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Member since Nov-12-16 · Last seen Nov-26-22
Profession: Litigating attorney for more than 40 years.

Chess: Began playing in the early 1950's and have enjoyed playing and studying chess ever since. My biggest chess thrills have been (in no particular order): (a) seeing Bobby Fischer in action live at the US Championship; (b) attending the Kasparov-Karpov 1990 World Championship match; (c) private lessons from Grandmaster Susan Polgar (a great teacher); (d) playing over great games, especially those with excellent annotations; (e) endgames.

Other interests:

(A) Piano: I have been an amateur pianist for nearly 60 years. Perhaps the greatest thrill of my life (next to the day I married my wife and the day my daughter was born) was the time I had a private master class on Schubert's A-Major Piano Sonata from the great Ruth Slenczynska.

B) Ballet:

I have been attending ballet performances for about 65 years, and have been lucky enough to see many of the greatest dancers. My wife and I have sponsored new ballets, including pieces for the wonderful ballerina Teresa Reichlen. I still take ballet classes.

(C) Tennis:

I have been a fan for many decades, and attended the US Open for many years, usually attending every round.

D) Bridge

Until my work schedule became too brutal, I played in tournaments frequently, winning a number of "B" events and occasionally prevailing in short "swiss" matches against some of the all-time greats. (It is much easier to win a short swiss team bridge match against world champions than to defeat a chess grandmaster. My teams have prevailed on occasions against some of the all-time greats, but I have yet to win a chess game on even terms against a player rated 2300 or above).

E) Biblical Studies

I study the Bible nearly every day and have taught various sorts of Bible classes, at one point at least once a week for about 12 years. I seem to have the unique ability to offend people of nearly every religion and belief, probably because of my mania for textual issues (always a good idea to know what was actually written before dashing off to proclaim or denounce it) and vigorous and unrelenting close readings of controversial texts.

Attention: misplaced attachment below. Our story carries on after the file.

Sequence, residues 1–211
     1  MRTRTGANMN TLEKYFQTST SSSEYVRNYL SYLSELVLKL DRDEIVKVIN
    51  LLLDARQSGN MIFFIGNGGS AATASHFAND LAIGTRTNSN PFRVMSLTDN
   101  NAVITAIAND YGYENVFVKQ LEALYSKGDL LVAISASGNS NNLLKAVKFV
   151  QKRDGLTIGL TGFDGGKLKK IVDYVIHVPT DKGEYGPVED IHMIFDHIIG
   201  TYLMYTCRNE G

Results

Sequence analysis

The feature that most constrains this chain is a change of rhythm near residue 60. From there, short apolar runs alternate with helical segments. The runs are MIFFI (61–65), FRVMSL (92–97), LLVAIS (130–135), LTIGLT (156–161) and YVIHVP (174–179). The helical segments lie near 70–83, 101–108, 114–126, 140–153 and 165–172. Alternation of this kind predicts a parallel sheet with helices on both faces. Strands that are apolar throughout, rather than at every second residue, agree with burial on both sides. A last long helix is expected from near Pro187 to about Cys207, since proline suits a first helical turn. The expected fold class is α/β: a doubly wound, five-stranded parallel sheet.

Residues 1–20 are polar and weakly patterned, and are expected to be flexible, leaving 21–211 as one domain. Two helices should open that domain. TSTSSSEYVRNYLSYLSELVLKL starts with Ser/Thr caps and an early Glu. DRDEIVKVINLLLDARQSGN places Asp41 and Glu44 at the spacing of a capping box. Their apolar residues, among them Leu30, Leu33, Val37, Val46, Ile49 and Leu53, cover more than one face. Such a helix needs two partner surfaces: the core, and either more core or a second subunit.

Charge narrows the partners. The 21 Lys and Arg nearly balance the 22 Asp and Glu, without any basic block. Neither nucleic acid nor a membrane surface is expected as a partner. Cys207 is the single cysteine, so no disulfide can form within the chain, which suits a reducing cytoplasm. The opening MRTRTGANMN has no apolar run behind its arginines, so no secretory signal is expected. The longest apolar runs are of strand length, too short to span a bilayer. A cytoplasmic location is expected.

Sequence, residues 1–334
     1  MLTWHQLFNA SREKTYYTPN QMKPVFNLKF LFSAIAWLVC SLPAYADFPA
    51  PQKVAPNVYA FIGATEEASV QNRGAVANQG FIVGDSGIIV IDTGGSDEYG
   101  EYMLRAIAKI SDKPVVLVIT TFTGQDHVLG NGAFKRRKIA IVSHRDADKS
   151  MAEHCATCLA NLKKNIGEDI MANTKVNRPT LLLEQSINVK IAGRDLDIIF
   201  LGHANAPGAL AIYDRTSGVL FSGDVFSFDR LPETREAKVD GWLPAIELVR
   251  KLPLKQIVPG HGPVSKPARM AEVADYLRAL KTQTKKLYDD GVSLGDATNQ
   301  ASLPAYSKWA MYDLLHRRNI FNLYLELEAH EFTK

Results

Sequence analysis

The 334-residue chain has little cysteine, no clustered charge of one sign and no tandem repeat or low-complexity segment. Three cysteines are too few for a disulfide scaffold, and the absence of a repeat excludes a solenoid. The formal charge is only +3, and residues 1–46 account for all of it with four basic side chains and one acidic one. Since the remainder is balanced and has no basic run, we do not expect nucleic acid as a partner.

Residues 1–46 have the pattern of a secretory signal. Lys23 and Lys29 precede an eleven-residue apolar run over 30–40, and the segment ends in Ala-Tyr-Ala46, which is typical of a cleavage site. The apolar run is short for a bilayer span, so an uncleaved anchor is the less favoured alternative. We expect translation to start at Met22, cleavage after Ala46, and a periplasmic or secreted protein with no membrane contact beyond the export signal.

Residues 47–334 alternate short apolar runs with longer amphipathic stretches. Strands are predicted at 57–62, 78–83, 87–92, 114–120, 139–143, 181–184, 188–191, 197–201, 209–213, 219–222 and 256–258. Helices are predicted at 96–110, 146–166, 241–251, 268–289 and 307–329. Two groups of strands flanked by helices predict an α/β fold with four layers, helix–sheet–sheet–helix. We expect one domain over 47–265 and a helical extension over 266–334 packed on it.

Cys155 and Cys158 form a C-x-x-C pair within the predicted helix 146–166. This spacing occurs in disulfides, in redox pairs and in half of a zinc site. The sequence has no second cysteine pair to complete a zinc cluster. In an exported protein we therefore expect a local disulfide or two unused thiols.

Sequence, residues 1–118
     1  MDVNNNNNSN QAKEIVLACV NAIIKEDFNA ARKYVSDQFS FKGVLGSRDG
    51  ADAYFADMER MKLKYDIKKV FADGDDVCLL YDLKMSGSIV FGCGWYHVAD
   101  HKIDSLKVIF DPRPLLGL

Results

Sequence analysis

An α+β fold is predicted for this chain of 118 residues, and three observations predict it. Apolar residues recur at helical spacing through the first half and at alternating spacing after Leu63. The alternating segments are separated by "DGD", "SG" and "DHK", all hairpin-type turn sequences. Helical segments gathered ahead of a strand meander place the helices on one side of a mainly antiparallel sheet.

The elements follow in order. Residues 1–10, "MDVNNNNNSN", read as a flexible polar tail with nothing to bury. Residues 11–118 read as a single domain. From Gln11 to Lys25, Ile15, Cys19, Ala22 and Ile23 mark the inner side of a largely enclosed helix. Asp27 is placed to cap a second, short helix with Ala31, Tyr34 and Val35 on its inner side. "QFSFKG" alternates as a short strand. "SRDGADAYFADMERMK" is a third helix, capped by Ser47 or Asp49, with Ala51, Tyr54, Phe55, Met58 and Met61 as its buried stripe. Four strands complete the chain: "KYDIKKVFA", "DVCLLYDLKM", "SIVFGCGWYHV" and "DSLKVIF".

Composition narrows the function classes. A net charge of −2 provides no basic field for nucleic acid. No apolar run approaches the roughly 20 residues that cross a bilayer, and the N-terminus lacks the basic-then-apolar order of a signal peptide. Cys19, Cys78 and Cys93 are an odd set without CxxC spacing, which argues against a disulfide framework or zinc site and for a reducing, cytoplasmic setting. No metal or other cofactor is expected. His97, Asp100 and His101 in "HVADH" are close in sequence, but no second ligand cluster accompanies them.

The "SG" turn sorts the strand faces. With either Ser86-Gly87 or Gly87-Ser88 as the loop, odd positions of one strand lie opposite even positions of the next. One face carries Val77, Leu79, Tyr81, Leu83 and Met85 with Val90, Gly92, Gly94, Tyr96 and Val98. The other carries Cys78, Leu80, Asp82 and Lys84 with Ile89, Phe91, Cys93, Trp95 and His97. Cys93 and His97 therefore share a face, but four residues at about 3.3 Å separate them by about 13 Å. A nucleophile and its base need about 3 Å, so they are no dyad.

F) Mountain and wall climbing

My daughter and I climb (top-rope) walls at the gym once a week, and I am training to attempt a climb of Mount Washington.

G) Misc.

In my younger days, I was a marathon runner and before that a wrestler. I love almost every sort of food (with a few notable exceptions) and have never lost an eating contest. Full Member

   KEG has kibitzed 3138 times to chessgames   [more...]
   Nov-26-22 Gunsberg vs Pillsbury, 1902
KEG: Pillsbury and Gunsberg had only played once before this tournament; but that first game was monumental. It was the final round at Hastings 1895, and Pillsbury won a brilliant endgame to edge out Tchigorin for first place by half a point. The present game is one of only two in which ...
   Nov-24-22 Schlechter vs Maroczy, 1902
KEG: Post V 32... f3!? A wild coffee-house idea which <wwall> not unreasonable says "looks weak." His recommendation of 32...Kg7 was almost certainly theoretically superior, but after 33. Re4 the end for Black would have been near. 33. e6 Game over: [DIAGRAM] 33... Rxg2+? ...
   Nov-21-22 Teichmann vs Albin, 1902
KEG: Post VI 47... Ke6 48. Bb4 [DIAGRAM] Teichmann's plan was simple and decisive for achieving a draw. The Bishop holds the Queen-side, and if Albin's King tried to harass the White pawns on e3 or g3 the White Bishop would go to e7 and pick up the Black g-pawn if left undefended. To ...
   Nov-17-22 J Mieses vs Marshall, 1902
KEG: Post V 41. Qd6+ 41. c5 is more brutal and faster, but with the move-45 time control not far off, Mieses can't be blamed for seeking simplicity. 41... QxQ 42. BxQ [DIAGRAM] "The Bishop and the passed pawns are now decisive. It only requires ordinary care." (Hoffer) 42... Rxa2 ...
   Nov-12-22 Von Popiel vs J Mason, 1902
KEG: Post III 29. RxR?? "??"--(Tournament Book) von Popiel would have been fine after 29. Kh2. A one move losing blunder. The text leads to immediate mate, the position now--shockingly--being: [DIAGRAM] 29... Qg4+ [DIAGRAM] 0-1 With 30... Qg2 checkmate threatened, White can only ...
   Nov-10-22 G Marco vs Tarrasch, 1902
KEG: Post II 13. Be3 Had Marco been trying to win, 13. Qd4 (followed by 14. Nb6) would seem indicated. But he was playing for a draw and settled for the text (though he did play Qd4 in less favorable circumstances on move 15). 13... Nf6 Meanwhile, Tarrasch went about developing his ...
   Nov-07-22 J Mortimer vs A Reggio, 1902
KEG: Post III 24. Nf3? If Mortimer wanted to play on, he had to play 24. Ng2. What followed now was a massacre. 24... h5! [DIAGRAM] 25. gxh5? A true death-wish of a move: 25... Bxh3 [DIAGRAM] 26. h6+? 26. Kg1 or 26. Neg1 would have been ugly (and hopeless), but Mortimer found ...
   Nov-06-22 Janowski vs Chigorin, 1902
KEG: Post VII 63... Qf8? Pretty much giving up his last winning chance. Paradoxically, the game could likely have been won with 63...Kg7 since 64. g5 would now lose to the surprising 64...Qh5+. But after the text, Janowski finally found the key to saving the game. 64. Qd5+ An essential ...
   Oct-31-22 Botvinnik vs Smyslov, 1948 (replies)
KEG: <plang>Thank you for you helpful (as always!) addition to the discussion of this game on this site.
   Oct-30-22 H Wolf vs Von Scheve, 1902
KEG: Post IV 26... Qb4?? The losing move. von Scheve was already in trouble, but 26...Nb6 and perhaps 26...Na7 might have saved the day. The flaw in von Scheve's reasoning was exposed by the commentary in the Tournament Book: "Overlooking that the pinning of the Rook does not prevent ...
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